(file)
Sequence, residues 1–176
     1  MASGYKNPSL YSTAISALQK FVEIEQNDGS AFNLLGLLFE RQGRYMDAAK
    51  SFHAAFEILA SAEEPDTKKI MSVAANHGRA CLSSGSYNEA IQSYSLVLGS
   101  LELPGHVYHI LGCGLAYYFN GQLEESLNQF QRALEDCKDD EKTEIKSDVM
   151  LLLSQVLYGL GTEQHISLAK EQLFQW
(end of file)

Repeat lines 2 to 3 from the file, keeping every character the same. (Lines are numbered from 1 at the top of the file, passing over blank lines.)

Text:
     1  MASGYKNPSL YSTAISALQK FVEIEQNDGS AFNLLGLLFE RQGRYMDAAK
    51  SFHAAFEILA SAEEPDTKKI MSVAANHGRA CLSSGSYNEA IQSYSLVLGS